This new year of 2017: the phrase has a certain heft to it, a vaguely momentous ring. Is it that I like the number seven? It is soon to be the Year of the Fire Rooster according to the Chinese, and that image is fantastic and lively, rife with speculations, bordering on gaudy in my mind’s view. Everyone is taking note of a series of troublesome, even devastating events, wondering what on earth is to come next. How does one prepare for a purely speculative future?
The more usual response in January is to gird yourself with knowledge as well as embark on a serious personal makeover. But to what lasting effect? Transformation is a process that requires patience–but first, willingness. And the process can be an altogether different thing than expected.
I, for one, am resisting the tiresome spectacle of earnest change-making , of planning a noble siege upon my own life. Yes, I am being the odd woman out. Scads of folks scramble to conjure new or bigger goals; the ole inner critic nags anxiously until it’s done. Or perhaps you are not-so-subtly being encouraged to get on it and shine things up– for the betterment of those around you, too, one might gather. Either way, nothing like a team effort when it comes to change. Get out the megaphone and pom poms!
Hold on. What if you want to opt out of the New Year ritual? Say, coast along until a truly superior thought alerts you to a finer scheme? Or you feel the biting burn of discomfort and it finally behooves you to seek an alternative to the usual, even deleterious habits? Or just the annoying daily grind? Isn’t this the way we tend to address changes and if so, what’s wrong with that? Just a “take it as it comes” sort of program.
I’m honestly of two minds: take charge or let go. They both sound good. On one hand, I’m not keen on this year being a repeat of last year. There were tough enough times I’d rather not have to revisit–it seems many I’ve heard from feel that way. So, like the others, I do imagine what might be done differently, consider how to begin a quiet repair here and there. A few inklings and options intrigue me, but I’m not overly impressed with my plans. I tend to gather odds and ends, borrow ideas, encourage inspiration any way I can and then dump it all in a grab bag to sort out as I go. I try to find likely places for a host of ideas, then test their usefulness. If they are intrinsically good ones, things click into place– more or less. Of course some get trashed. I plan but can release those plans to a whirlpool of the fates. This is coming from a woman who used to schedule each moment hour by hour while raising five kids and tending to an often absentee husband/father. Who wasted not on second at work, driven by the need to do something more. Even occasional coffee breaks got penciled in. I admit I yet keep a daily planner but it’s primarily shaped by a few probabilities, more maybes with flexible timing. That is, other than walks and writing hours, which are firmly set and almost never altered.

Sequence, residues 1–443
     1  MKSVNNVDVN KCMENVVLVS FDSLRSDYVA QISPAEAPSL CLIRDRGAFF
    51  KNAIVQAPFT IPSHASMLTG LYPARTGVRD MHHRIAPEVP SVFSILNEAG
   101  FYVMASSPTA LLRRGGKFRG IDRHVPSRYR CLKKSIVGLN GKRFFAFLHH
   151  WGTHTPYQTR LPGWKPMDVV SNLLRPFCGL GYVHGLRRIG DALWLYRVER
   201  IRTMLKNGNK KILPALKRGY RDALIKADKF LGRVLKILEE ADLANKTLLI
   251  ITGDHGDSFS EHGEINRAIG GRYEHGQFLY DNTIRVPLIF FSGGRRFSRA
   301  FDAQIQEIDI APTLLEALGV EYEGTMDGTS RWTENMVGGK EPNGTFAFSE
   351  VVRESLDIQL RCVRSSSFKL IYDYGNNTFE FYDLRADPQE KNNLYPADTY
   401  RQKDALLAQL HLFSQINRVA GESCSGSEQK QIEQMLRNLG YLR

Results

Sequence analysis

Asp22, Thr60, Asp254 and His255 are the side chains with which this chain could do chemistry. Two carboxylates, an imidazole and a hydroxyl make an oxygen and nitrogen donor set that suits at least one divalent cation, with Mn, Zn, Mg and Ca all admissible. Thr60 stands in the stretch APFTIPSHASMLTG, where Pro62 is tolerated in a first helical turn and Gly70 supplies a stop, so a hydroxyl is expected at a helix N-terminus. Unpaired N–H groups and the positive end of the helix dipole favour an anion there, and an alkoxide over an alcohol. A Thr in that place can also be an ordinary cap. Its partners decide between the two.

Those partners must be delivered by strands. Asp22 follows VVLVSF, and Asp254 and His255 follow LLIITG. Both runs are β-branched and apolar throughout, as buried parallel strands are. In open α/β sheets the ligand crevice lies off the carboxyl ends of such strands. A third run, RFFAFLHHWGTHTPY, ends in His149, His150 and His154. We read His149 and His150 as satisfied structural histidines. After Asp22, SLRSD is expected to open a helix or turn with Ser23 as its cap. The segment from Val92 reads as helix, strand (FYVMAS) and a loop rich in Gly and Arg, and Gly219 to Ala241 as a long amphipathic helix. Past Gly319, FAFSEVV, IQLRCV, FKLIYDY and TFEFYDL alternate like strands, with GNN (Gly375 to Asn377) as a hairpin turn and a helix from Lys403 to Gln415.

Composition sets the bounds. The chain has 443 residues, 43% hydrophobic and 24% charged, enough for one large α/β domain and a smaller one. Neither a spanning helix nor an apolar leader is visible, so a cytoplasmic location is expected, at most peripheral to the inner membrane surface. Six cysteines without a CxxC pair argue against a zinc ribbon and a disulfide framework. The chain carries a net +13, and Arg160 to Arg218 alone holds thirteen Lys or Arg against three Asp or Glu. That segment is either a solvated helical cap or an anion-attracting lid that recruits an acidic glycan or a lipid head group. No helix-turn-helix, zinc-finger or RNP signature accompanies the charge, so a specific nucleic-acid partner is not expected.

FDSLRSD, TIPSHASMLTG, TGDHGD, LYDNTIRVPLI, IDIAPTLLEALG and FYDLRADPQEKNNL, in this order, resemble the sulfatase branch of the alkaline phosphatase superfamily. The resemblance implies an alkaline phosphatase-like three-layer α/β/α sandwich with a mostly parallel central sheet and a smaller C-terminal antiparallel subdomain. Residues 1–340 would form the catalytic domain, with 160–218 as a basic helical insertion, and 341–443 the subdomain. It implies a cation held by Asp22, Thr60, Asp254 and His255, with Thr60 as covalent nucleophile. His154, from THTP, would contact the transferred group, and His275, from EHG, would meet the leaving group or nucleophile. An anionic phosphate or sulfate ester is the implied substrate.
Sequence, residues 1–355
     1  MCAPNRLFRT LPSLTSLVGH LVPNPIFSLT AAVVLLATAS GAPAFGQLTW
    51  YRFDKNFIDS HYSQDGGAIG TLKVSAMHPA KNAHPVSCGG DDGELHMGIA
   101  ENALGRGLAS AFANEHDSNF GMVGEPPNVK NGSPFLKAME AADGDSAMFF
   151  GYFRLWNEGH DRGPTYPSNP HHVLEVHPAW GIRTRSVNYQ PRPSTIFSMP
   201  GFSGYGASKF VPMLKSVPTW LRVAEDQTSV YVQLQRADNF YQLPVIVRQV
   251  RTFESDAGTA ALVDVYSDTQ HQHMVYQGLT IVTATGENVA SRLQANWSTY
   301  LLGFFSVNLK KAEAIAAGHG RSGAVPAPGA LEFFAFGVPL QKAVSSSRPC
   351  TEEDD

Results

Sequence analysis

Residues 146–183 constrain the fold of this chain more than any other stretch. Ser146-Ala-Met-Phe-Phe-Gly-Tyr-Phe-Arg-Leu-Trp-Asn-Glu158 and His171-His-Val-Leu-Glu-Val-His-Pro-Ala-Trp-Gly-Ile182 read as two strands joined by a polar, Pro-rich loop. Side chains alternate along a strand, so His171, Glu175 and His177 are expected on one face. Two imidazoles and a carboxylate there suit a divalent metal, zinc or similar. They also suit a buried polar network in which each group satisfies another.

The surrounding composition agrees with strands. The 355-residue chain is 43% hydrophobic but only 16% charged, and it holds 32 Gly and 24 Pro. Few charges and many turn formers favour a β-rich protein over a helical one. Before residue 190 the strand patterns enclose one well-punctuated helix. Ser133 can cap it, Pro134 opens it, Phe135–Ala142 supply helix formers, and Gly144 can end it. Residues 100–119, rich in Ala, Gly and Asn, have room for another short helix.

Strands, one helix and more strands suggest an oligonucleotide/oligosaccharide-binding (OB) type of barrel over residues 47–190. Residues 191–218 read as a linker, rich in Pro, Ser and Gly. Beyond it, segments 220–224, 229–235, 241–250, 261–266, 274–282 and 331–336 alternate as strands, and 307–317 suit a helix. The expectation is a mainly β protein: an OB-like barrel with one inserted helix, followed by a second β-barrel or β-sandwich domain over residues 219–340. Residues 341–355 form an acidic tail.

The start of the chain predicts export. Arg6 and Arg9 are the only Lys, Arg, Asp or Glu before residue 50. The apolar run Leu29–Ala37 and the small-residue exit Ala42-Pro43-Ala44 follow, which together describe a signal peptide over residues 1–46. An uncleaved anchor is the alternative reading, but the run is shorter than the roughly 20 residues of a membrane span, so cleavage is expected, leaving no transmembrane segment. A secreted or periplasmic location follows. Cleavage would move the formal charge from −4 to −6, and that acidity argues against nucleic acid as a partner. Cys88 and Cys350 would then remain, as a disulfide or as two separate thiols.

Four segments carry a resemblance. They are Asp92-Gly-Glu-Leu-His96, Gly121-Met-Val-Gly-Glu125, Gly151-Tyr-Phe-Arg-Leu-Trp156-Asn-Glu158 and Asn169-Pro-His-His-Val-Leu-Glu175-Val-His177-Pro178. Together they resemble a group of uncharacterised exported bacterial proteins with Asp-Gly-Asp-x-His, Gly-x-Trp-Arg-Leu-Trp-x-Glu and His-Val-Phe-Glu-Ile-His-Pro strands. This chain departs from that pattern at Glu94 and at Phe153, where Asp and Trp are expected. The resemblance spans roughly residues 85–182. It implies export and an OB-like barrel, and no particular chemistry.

I am at last old enough to grasp that life often morphs, takes switchbacks, carves new avenues without my barest judgment–or interference. Random events can have a remarkable and at times fearsome power. I would note much of what happens daily, anyway, is a result of much that’s out of my hands. I am rarely not surprised by one thing or another. Overall, despite shenanigans and hardships that may arrive, I wouldn’t edit out such randomness. I much prefer to call it life’s spontaneity. My willingness to embrace it makes a vast difference. Either I am digging my heels in, yelling “My way! My way or none!” as life tugs or yanks me along, making myself miserable–or I am hopping into a proverbial life boat or even raft, perusing the views and engaging with the experience. For the most part, the last intends to be the better choice and I am not one to dicker with good outcomes.
Much more fruitful to make peace and not war with human doing and being, if at all possible.
I sought out a lauded poet for more wisdom today. A famous poem written by the esteemed Alfred Lord Tennyson is entitled “In Memoriam.” I’ve noticed people like to offer up a few of its stanzas when bidding the previous year farewell. More popular parts of the lengthy offering go like this:
Ring out, wild bells, to the wild sky,
The flying cloud, the frosty light:
The year is dying in the night;
Ring out, wild bells, and let him die.
Ring out the old, ring in the new,
Ring, happy bells, across the snow:
The year is going, let him go;
Ring out the false, ring in the true.
I well appreciate this masterly poem; its entirety spans a great deal more than you may take time to finish reading. Tennyson addresses all manner of human ills and yearnings but also an abiding faith in God. It speaks to me, to a deep longing for a global plan of improvement that is built around concepts of enlivening harmony and a stable Golden Rule and basic dignity for all–those lofty principles that vast numbers of people fervently hope and work for, anguish over.